Reading Level:: Young Adult
Publisher: March 10th 2009 by Delacorte Books for Young Readers
"We are our own memory-keepers and we have failed ourselves. It is like that game we played in school as children. Sitting in a circle, one student whispers a phrase into another student's ear and the phrase is passed around until the last student in the circle repeats what she hears, only to find out it is nothing like what it is supposed to be. That is our life now."
There was a time when there was an entire world outside the village. Cities, with buildings that scraped the sky, full of life and people, stretching all the way to the ocean. Before the Return, before the world became infected. Now there is only the village, protected by an elaborate system of fencing that keeps the infected, the Unconsecrated out. There is nothing outside the village- so the Sisters, the keepers of history, those that rule the village in the name of their god, say. You are born in the village, you live, you marry, you have children, you serve God, and pray every day that the fences hold. But you never, ever question what's beyond the fences, and you believe only what you're told to believe.
Mary's mother told her stories of the ocean, a seemingly endless body of water that stretches further than the imagination. Her whole life Mary has listened to these tales with a longing so intense that at times she can almost hear the waves and taste the salt. The ocean is her dream, the thing she secretly desires most, but as with most dreams, it is completely unattainable. Unattainable because the dream world that holds the ocean no longer exists, there is only her village and the masses of Unconsecrated that claw incessantly at the gates, hungering for the lives inside it.
The fences are made by man, and as such are fallible, and one day, they fail. The people of the village take to the trees, as swarms of Unconsecrated flood into the village, ending lives, ending futures, ending a history. With the village gone and only one path left out of it, a path protected and kept secret by the Sisterhood- Mary is faced with an impossible choice- stay and take whatever is left of her life in the village or leave, go beyond the fences, into the forest and perhaps, to a place she has only dreamed of.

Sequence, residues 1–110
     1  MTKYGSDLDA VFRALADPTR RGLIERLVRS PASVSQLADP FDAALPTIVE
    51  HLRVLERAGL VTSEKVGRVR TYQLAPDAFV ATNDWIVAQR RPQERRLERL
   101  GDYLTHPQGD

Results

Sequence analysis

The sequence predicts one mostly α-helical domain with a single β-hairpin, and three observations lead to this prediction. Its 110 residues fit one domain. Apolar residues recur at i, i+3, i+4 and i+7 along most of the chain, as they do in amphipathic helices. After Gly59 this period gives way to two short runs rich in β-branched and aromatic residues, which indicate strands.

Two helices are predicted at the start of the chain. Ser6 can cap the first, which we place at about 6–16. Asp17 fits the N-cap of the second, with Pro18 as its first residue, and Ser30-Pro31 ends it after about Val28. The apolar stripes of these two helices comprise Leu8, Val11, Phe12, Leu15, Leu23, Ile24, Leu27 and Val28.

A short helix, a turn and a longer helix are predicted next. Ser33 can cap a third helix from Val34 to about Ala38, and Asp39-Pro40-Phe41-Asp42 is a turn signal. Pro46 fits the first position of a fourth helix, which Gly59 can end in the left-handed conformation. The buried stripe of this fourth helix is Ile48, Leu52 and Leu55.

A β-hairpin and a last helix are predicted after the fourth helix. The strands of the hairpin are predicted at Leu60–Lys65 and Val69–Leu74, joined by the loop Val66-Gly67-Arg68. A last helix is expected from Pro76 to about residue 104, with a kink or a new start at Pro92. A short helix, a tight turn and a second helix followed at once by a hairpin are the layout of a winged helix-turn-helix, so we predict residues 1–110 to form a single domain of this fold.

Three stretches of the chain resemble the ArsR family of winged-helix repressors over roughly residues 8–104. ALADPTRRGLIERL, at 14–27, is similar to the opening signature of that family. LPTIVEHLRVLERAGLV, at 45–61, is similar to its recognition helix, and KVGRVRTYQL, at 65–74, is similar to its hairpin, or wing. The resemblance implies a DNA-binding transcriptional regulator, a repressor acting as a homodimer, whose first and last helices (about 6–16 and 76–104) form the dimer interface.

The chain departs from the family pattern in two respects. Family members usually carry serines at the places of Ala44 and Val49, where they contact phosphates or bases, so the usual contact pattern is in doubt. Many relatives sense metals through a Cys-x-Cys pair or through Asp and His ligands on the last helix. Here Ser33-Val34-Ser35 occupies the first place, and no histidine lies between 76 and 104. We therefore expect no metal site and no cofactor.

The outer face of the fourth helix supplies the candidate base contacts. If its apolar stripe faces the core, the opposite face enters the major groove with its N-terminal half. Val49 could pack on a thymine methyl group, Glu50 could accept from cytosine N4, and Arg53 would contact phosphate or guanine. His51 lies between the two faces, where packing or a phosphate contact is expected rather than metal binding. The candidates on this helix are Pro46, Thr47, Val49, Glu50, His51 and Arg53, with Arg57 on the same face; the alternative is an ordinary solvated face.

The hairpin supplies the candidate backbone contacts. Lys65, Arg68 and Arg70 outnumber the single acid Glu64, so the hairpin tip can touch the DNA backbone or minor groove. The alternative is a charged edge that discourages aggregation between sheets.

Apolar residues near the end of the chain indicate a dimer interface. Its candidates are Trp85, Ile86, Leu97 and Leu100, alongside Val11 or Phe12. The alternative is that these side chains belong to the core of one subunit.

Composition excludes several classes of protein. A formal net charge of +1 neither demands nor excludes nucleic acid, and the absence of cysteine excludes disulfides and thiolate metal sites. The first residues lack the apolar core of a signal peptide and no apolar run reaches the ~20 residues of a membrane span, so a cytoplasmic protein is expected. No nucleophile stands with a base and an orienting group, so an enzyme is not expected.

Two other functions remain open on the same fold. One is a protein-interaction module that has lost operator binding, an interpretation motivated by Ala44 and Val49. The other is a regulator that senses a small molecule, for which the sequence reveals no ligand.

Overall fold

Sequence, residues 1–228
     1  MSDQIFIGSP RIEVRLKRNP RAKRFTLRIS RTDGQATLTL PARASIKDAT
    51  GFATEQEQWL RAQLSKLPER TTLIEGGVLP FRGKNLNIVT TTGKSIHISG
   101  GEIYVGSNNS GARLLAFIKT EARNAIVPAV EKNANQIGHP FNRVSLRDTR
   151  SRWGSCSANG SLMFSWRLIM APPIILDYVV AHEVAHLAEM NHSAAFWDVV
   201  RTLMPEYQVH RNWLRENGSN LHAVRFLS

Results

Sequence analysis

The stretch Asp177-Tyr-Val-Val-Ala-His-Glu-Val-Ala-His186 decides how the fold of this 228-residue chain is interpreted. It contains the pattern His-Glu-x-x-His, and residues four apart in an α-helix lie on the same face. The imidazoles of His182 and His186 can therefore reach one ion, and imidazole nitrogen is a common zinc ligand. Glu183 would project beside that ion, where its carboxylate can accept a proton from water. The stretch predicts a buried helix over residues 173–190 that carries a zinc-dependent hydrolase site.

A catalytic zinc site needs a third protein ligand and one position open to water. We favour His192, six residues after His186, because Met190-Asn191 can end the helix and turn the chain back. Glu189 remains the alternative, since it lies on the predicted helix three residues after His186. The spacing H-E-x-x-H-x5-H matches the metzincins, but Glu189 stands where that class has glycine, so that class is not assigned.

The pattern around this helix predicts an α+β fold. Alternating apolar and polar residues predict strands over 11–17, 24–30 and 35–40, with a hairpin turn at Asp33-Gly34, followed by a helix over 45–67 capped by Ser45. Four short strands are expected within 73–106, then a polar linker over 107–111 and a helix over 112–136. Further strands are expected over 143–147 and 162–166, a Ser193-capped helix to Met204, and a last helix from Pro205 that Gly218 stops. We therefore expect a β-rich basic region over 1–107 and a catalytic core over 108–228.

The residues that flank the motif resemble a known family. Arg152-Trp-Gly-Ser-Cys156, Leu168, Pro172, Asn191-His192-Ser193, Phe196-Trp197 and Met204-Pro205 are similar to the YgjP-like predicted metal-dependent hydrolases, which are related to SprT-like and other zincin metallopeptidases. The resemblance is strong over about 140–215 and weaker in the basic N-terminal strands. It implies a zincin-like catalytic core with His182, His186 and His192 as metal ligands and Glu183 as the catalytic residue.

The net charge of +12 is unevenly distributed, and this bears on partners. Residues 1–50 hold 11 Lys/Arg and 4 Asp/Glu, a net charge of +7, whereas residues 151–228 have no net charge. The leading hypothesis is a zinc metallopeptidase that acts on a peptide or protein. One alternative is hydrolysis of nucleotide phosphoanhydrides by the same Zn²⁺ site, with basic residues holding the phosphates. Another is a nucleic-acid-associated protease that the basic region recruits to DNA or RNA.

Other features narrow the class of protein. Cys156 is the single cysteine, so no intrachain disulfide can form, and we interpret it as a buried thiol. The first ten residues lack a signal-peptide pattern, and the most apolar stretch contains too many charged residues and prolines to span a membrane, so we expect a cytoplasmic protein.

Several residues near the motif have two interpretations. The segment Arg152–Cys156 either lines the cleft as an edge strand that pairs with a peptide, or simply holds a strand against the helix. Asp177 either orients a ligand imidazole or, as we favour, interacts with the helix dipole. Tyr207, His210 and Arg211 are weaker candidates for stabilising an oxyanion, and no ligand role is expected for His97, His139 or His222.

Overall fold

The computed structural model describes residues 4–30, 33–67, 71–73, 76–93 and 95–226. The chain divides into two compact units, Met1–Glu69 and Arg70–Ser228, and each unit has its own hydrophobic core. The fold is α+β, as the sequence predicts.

This book scared the crap out of me. Not only was it a society ruled with an iron hand by the church that will not allow itself to be questioned, but it was a society, trapped inside a fence, endlessly fighting off ARMIES OF DEAD PEOPLE. That's right children. Zombies. Now when someone says "Zombie" to me I giggle, zombies aren't scary and the very idea is rather absurd- until I read this book.
ZOMBIES ARE SCARY.
Horrific, graphic and heartbreaking things happen in this book. I could give you more of a summary but the story's events were written to unfold systematically and I wouldn't want to upset the system. I was swept right along with the story and I couldn't put it down until it was over.
Mary is a very, very diverse character. We have a youth questioning the gospel preached by the church, not willing to live blindly believing lies. We have a young girl caught in an impossible love triangle that could very well rip apart the lives of so many people, families and friends. We have a human being that witnesses the horrible extent that people will go to in order to maintain control, and we have a very selfish little girl who puts her desires ahead of everything and everyone, even those closest to her. The subject of Mary's selfishness is the one thing I disagree on in other reviews I've read. Yes she was willing to sacrifice anything and anyone for her dream, but wouldn't you rather she did that than settle? Even if it protects others is that ultimate self-sacrifice, giving up the part of you that makes you You worth it? I'm proud of Mary and her realization that settling on something that can never be what you want, never complete you is far worse than what you may have to do to be who you are, or in this case, get to where you are meant to be.
"...I can feel how his body shakes and I know that he is crying. For me, for Beth. And I wonder if there was ever a crueler world than this one that forces us to kill the people we love most."
There are countless holes in this story. I won't lie to you, it is flawed but I loved it. I am completely enamoured of Ryan's prowess at storytelling. She had a lot of explaining that needed to be done that she didn't do, but even realizing that it never once distracted me from the story. How could I with such writing:
"Tonight my body pulses with awareness as I kneel by his bed, our fingers intertwined. We've been sharing each other's breath for what seems like weeks now even though it's only been a few moments. It's as if there is infinity between our lips and we will never actually touch. Like math, where dividing by half can last for eternity."
I don't normally read the next book in a series immediately after finishing the previous books. I usually like to just let it sit, let the story and my feelings for it marinate while I read other things. When this book was over it left me with a good book hangover so intense that only another drink from the story could revive me, so I picked up The Dead Tossed Waves and I'm reading it now.